This week Playbill catches up with Lauren Nicole Chapman, who stars as Anna in the North American tour of Disney's Frozen, currently playing Pittsburgh's Benedum Center for the Performing Arts through October 16.
Chapman was also seen in the Broadway staging of Frozen as well as in the Broadway and touring productions of Kinky Boots. Her other theatrical credits include Audrey in Little Shop of Horrors, Serena in Legally Blonde, and Corrie Bratter in Barefoot in the Park, and she can also be heard in the animated film Frozen 2.
What is your typical day like now?
I really value my coffee time in the morning. I usually look for the delicious food and drink spots and neighborhoods that I can walk around and explore in each city. After the show, I love to come home and unwind with my latest TV binge, a Facetime with my fiancé, and a salty snack.
Are there any parts of your role in Frozen or the musical that seem particularly poignant/relevant following the events of the past two years?
My first song in the show is about how much I hated isolation and yearned to be part of a community again, and now that I get to be outside again, nothing will stand in my way…So, yes, during the Broadway shutdown, my dream show had closed, and I knew I was going to have to accept the fact that I wasn’t going to get to say goodbye to a show and a family that I had spent years with. To be given this gift after two years of learning more and more everyday that nothing is promised, especially tomorrow, is more than I could’ve ever asked for.
The musical focuses on the bond between two sisters. Can you share a favorite story that helped develop a bond with your co-star?
Caroline [Bowman] and I have been in the same circle for several years, and I had only hoped that one day we’d get to work together. My dream came true and then some because I not only have found a friend in her but a sister as well. We love to laugh together, and her heart is truly radiant—she takes care of me like a sister. I love that everyday I get to learn more about Caroline on and off stage, and I am so incredibly lucky to have a co-star like her. Before each show we have a little dance party that always ends with a hug and the phrase “I can’t wait to meet you.”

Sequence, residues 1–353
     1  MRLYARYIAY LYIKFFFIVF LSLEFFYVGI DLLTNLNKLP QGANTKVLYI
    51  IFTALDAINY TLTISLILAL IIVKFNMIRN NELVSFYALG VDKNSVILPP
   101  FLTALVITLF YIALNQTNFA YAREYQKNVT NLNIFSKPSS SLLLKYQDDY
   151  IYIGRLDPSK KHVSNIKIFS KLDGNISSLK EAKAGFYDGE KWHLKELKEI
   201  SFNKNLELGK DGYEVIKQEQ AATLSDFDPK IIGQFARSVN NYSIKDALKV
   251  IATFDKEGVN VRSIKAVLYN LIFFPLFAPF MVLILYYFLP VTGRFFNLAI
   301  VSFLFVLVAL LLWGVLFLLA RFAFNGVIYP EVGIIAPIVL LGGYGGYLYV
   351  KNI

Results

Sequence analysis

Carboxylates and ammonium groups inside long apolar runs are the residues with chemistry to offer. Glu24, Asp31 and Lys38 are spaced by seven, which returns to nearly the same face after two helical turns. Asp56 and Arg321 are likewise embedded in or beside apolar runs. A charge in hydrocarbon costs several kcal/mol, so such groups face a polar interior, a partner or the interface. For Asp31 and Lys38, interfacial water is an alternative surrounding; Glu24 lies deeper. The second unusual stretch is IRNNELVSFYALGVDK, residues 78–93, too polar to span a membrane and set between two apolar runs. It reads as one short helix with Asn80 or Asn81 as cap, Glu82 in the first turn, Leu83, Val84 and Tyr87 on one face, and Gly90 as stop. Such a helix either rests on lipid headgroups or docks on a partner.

What is the most challenging part of touring with a show, and what is your favorite aspect of touring?
Anna is very physical. Touring asks for a bit more self discipline as we travel from city to city, so I try to stay keenly aware of what my body needs between shows, whether it be physical therapy, time in the gym, or simply time to rest. Touring can be hard as we are away from our families and homes, but it is made easier by this wonderful group of humans who love to explore together. My favorite aspect of touring is finding out what makes each stop special or what each city is “known” for.
During this time of reflection and re-education regarding BIPOC artists and artistry, particularly in the theatre, what do you want people (those in power, fellow artists, audiences) to be aware of? What do you want them to consider further?
My workplace is incredibly, and beautifully, diverse. I know how privileged I am to be surrounded by people who are willing to share and educate me on their experiences. That isn’t their job. There are so many things that I will never be able to fully understand, but I will not go a day without trying. If you’re lucky enough to be in an environment where there are BIPOC voices choosing to help you understand the best way you can be of support, listening is absolutely non-negotiable. The work to create inclusive and equitable work spaces has only just begun, and it will take all of us engaging in active support to make change going forward.
What, if anything, did you learn about yourself during the past two years that you didn't already know?
I am stronger than I think.
Do you have any other stage or screen projects in the works?
I’ve been very blessed in my career, but this specific job is the kind of job that I’ve worked my entire life for. It’s not lost on me how lucky I am to get to do this, so for the first time in a long time I am not feeling too much concern about what comes next. All I’m doing right now is soaking up every single second I get to perform this show.
What organization would you recommend people learn more about or donate to during this time of change?
I recommend looking for organizations and programs that directly impact your community. Start small and go bigger. Just one example is New York Common Pantry. They are always looking for volunteers to help in their food packing and distribution every week, and you get to meet some amazing people and see the impact these programs have on families in your community.
If you don’t have time to volunteer, there are many other ways to stay involved and active. I have many friends who have partnered with the organization Feel Good Action. They are a mission-focused non-profit looking to increase youth voter turnout and positive social change through motivational media. Feel Good Action can help with Voter Registration, youth political engagement, and measuring the effect and strength your voice can have on the people around you.